7) Zoom in and out to see the firework show.

  6. LongTime Reader

    I have a feeling we are going to see foreclosures accelerate. The government cannot change the fundamentals which is supply and demand.

    The reason for the acceleration is two folds. First the current administration is going to have a huge wake up call during the next elections. People are afraid of the debt that is piling up. There has been comments about how the debt level is too high and they need to remedy it from this administration. The GSE are out of cash.

    Secondly, the commercial real estate market has already collapsed and banks are going to have to raise money. They are going to get rid of there non performing asset. There is not going to be the political will to bail out the banks again.

    1. IrvineRenter

      Your reasoning is sound, and I hope you are right. The real estate sector will not improve as long as there are so many assets in the hands of people who either aren’t using them (banks) or aren’t paying for them (defaulting borrowers).

      1. Soapboxpolitico

        Hi all! I’m back after a self-imposed break in an effort to quell rising blood pressure … proved only moderately successful. 🙂
        My latest crusade would be an effort to gather up a pitchfork and tar & feather brigade and head to WallSt. for some well deserved come-uppance.

        Anyhoo … I felt compelled to comment. I agree that we must see foreclosures continue to hit the market here in Irvine/OC as the aptly described “slow train wreck” continues. As we’ve said many times before, fundamentals … no matter what the financial “geniuses” cook up, the fundamentals will always dictate what happens. The facts remain the same, houses are still overpriced using median income over median price and no amount of financial hocus-pocus will ever change that fact. Until those two curves come more closely in line, distressed properties will continue to dictate the market.

        With that said, I will never again underestimate the power of stupid people with money (err, debt). Although not a well formed theory, I personally believe what is happening here is a kind of collective hold-your-breath strategy. The home-debtor is hanging on in the hopes that soon enough, the dumb money will again re-enter the housing market and save them from their colossal greed and stupidity. The Fed and banking industry are slowly inhaling, hoping to effect a kind of soft landing. By this I mean, if they can slow the flow of distressed properties onto the market long enough, once again the financially retarded will enter indentured servitude to “own” a home. It’s a sort of hope and pray attitude that, with enough time in between, the collective short memory will kick-in and the bubble will remain relatively permanently inflated.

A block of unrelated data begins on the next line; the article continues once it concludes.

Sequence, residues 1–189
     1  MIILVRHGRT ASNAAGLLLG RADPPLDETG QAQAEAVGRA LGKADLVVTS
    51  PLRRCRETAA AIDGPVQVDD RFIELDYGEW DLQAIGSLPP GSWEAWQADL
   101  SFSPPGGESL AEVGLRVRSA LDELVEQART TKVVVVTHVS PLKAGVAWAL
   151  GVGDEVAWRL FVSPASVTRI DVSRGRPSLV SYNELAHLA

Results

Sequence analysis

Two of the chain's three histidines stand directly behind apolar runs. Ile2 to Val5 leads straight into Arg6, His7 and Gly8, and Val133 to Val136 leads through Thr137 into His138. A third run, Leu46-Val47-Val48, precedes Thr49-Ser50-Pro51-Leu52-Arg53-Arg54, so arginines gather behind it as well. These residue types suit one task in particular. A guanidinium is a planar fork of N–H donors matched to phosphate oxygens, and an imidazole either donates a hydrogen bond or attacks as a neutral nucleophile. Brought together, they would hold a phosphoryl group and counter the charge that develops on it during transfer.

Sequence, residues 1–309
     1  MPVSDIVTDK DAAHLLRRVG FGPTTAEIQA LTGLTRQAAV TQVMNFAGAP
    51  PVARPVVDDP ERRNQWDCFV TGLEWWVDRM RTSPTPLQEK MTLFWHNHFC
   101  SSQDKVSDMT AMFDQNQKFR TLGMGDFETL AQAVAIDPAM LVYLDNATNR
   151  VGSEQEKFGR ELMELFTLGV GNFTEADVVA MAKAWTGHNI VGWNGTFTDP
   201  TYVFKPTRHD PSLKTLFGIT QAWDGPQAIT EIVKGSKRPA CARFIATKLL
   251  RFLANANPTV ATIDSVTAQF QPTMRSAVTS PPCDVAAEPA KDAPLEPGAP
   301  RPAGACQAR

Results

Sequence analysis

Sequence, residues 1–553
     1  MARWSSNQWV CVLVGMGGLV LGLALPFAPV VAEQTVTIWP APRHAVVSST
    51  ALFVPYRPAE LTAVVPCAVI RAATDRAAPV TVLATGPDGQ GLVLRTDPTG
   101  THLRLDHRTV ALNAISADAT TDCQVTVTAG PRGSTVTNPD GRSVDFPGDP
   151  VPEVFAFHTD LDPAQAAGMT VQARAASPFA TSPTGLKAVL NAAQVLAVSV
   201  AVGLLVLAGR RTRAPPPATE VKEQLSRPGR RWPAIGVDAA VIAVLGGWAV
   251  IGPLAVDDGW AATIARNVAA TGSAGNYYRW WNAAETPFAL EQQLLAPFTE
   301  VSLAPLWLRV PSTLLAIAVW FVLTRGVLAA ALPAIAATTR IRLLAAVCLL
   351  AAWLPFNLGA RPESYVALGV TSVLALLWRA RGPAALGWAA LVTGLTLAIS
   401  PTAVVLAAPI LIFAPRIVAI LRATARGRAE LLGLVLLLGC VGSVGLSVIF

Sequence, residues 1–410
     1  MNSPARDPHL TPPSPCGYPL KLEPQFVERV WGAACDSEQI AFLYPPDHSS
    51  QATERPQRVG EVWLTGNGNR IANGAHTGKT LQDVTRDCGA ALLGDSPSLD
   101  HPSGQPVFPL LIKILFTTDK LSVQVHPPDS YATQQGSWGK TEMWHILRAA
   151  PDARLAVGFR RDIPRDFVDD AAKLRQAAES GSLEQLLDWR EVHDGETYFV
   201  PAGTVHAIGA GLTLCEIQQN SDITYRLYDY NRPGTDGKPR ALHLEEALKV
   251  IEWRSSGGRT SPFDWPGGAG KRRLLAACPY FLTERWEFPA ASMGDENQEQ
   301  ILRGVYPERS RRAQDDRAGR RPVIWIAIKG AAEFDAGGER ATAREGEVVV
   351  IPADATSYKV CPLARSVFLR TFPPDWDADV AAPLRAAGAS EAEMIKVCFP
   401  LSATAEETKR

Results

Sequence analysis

In short, if it drags out long enough, enough skeptical people will become convinced enough by the Kool Aid purveyors that of course it’s smart to devote 60% or more of your gross income to housing payments because your house will make you rich in the long run.

        Just my two cents. Cheers!

    2. AZDavidPhx

      They cannot change the fundamentals, but they can cheat by inflating the money supply and leave the little people holding the bag.

      The people in charge are not stupid and it would be extremely unwise to underestimate them even though we all like to complain about the seemingly idiotic decisions being made.

      I am convinced that interest rates will not be increased next year. I say zero is here for awhile. I also bet the money supply will be expanded again to save FHA and FDIC.

      I had originally thought that 2009 would be the most painful, but the actions taken so far have been to kick the can down the road in exchange for a quick sugar high and instant gratification.

      I imagine the crew of the Titanic telling 3RD class to remain in their quarters. I know which class I am in as far as they are concerned.

      1. AZDavidPhx

        And you can rest assured that when it does become a problem, they will all be right there crying along side all of us and incredulously tell us that nobody could have seen it coming…except themselves who ditched all of their dollar investments years ago.

      2. so what if

        So what if you lose 10% or so of your purchasing power? Isn’t that better than losing jobs and thus, possibly, 100% of purchasing power?

        1. newbie2008

          That’s the scare tactics that have been proven useful with every cycle and bailout. That’s the reasoning for the Mexican fund bailout for funds in the 1990’s — only the special interest funds got that money.

          With the admission on the jobless recovery from George Bush senior to B.O., the bailouts directly help one class of people.

          If they really wanted to stimulate the consumer economy, give $10000 credit for purchase US consumable products to every citizen. It would of been cheaper than the bailout of the bank/bonus.

          1. Freetrader

            I respectfully disagree. There are too many conspiracy theories going around here — the banking crisis of 2008, the Asian crisis of 1997, etc., those were real crises. If we are lucky, we may be able to stumble through this one until next time. Maybe rich people were the most obvious beneficiaries, but they weren’t the only beneficiaries — without employers, there are no employees. We all seem to take a functioning economy and banking system for granted — believe me, we should not.